On April 2, 1994 Nancy Buirski, a foreign New York Times picture editor, phoned Carter to inform him he had won the most coveted prize for photojournalism. Carter was awarded the Pulitzer Prize for Feature Photography on May 23, 1994 at Columbia University's Low Memorial Library.

Alternative account of the photograph
South African photojournalist Joao Silva, who accompanied Carter to Sudan, gave a different version of events in an interview with Japanese journalist and writer Akio Fujiwara that was published in Fujiwara's book The Boy who Became a Postcard (絵葉書にされた少年 - Ehagaki ni sareta shōnen).

According to Silva, they (Carter and Silva) went to Sudan with the United Nations aboard Operation Lifeline Sudan and landed in Southern Sudan on March 11, 1993. The UN told them that they would take off again in 30 minutes (the time necessary to distribute food), so they ran around looking to take shots. The UN started to distribute corn and the women of the village came out of their wooden huts to meet the plane. Silva went looking for guerrilla fighters, while Carter strayed no more than a few dozen feet from the plane.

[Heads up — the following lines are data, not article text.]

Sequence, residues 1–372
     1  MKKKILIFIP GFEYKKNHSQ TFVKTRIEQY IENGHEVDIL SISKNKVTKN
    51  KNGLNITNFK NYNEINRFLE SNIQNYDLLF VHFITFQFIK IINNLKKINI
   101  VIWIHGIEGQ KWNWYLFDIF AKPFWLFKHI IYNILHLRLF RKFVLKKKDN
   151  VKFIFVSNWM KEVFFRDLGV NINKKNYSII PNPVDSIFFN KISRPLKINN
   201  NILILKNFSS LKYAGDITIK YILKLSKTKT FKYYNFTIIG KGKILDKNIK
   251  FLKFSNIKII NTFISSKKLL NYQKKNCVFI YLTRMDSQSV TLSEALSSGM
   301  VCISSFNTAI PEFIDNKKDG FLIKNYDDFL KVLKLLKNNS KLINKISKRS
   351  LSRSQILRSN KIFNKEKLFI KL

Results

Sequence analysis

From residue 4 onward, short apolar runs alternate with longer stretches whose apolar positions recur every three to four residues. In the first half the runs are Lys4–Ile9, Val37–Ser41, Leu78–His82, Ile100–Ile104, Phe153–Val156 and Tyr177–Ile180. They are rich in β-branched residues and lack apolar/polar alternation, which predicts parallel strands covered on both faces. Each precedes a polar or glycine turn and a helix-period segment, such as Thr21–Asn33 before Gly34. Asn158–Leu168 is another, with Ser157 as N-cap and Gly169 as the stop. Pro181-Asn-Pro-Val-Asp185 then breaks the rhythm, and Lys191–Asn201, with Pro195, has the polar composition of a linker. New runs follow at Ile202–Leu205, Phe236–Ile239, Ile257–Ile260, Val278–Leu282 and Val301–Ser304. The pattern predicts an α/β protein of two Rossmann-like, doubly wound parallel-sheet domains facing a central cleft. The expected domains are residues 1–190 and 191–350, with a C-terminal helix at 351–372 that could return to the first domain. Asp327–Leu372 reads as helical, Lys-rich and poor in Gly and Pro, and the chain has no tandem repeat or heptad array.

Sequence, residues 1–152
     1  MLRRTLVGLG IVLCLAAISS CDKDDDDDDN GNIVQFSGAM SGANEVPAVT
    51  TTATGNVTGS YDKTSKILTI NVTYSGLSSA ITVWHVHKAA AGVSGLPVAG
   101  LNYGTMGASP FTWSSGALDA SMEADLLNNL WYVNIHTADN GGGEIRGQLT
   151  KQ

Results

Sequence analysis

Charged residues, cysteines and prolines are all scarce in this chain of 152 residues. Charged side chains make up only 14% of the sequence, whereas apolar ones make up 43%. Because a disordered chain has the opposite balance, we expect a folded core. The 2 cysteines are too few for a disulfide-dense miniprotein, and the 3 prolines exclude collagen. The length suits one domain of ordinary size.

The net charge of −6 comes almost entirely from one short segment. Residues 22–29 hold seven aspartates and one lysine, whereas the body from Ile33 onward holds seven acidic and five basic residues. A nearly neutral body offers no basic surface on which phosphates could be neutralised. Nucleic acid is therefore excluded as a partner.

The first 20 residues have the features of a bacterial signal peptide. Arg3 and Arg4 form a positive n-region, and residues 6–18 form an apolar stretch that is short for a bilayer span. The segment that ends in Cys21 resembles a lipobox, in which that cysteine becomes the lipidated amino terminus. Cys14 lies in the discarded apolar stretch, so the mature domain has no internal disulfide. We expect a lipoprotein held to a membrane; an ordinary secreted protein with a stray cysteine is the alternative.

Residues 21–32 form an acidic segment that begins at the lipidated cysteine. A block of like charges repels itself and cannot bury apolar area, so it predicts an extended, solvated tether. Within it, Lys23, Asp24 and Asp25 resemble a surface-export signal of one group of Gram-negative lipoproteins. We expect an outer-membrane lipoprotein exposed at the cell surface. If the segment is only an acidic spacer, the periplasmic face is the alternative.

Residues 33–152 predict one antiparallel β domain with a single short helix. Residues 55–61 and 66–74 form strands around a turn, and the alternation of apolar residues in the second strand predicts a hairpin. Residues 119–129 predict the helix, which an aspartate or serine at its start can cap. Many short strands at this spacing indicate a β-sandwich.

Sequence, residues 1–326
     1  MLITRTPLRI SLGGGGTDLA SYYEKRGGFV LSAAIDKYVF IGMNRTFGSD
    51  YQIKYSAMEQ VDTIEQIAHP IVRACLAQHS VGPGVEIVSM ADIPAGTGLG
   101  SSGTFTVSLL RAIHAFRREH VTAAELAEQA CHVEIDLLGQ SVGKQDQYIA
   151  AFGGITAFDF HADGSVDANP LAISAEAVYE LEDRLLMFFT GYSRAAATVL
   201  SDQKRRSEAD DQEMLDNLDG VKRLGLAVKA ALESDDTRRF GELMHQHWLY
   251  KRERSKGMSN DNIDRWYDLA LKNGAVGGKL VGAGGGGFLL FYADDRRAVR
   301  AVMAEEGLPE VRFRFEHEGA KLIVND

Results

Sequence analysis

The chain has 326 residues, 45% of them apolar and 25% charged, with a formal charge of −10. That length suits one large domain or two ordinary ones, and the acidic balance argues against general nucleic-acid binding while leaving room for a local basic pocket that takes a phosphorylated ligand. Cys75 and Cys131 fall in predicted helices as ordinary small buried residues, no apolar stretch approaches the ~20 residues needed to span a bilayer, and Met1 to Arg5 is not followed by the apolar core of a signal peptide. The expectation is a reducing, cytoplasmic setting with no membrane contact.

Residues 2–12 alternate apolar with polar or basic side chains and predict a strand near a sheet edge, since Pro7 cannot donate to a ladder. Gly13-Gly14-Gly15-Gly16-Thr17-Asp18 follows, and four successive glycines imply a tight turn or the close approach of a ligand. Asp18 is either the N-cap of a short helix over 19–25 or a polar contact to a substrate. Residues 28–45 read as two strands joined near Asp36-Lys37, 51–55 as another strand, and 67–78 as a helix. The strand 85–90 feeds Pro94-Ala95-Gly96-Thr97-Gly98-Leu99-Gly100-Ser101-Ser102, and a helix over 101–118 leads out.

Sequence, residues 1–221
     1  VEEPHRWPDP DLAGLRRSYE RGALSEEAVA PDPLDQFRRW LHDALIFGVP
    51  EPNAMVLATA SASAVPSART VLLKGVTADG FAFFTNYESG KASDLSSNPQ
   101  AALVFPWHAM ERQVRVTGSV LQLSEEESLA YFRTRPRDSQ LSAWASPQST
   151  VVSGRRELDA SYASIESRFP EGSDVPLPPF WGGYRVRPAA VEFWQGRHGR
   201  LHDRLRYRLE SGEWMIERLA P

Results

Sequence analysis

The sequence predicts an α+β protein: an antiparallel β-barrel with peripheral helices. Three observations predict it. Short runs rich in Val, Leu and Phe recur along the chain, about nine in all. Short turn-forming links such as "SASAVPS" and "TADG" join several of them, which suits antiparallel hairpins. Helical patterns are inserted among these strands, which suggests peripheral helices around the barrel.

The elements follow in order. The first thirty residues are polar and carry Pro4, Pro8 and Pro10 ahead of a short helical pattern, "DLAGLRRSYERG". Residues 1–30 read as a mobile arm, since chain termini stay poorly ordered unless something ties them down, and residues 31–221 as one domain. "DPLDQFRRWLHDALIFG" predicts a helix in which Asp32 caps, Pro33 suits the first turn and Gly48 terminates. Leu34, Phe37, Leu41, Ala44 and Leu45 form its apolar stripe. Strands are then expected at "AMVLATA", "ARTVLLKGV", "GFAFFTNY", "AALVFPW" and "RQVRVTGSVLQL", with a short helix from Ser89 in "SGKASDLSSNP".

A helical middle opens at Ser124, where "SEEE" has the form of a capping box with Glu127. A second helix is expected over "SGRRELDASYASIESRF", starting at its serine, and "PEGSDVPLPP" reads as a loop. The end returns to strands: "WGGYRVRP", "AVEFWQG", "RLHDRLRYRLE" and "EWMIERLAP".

Again according to Silva, Carter was quite shocked as it was the first time that he had seen a famine situation and so he took many shots of the children suffering from famine. Silva also started to take photos of children on the ground as if crying, which were not published. The parents of the children were busy taking food from the plane so they had left their children only briefly while they collected the food. This was the situation for the girl in the photo taken by Carter. A vulture landed behind the girl. To get the two in focus, Carter approached the scene very slowly so as not to scare the vulture away and took a photo from approximately 10 metres. He took a few more photos and then the vulture flew off.

[edit] Death
On 27 July 1994 Carter drove to the Braamfonteinspruit river, near the Field and Study Centre, an area where he used to play as a child, and took his own life by taping one end of a hose to his pickup truck’s exhaust pipe and running the other end to the passenger-side window. He died of carbon monoxide poisoning at the age of 33. Portions of Carter's suicide note read:

"I am depressed ... without phone ... money for rent ... money for child support ... money for debts ... money!!! ... I am haunted by the vivid memories of killings and corpses and anger and pain ... of starving or wounded children, of trigger-happy madmen, often police, of killer executioners...I have gone to join Ken if I am that lucky."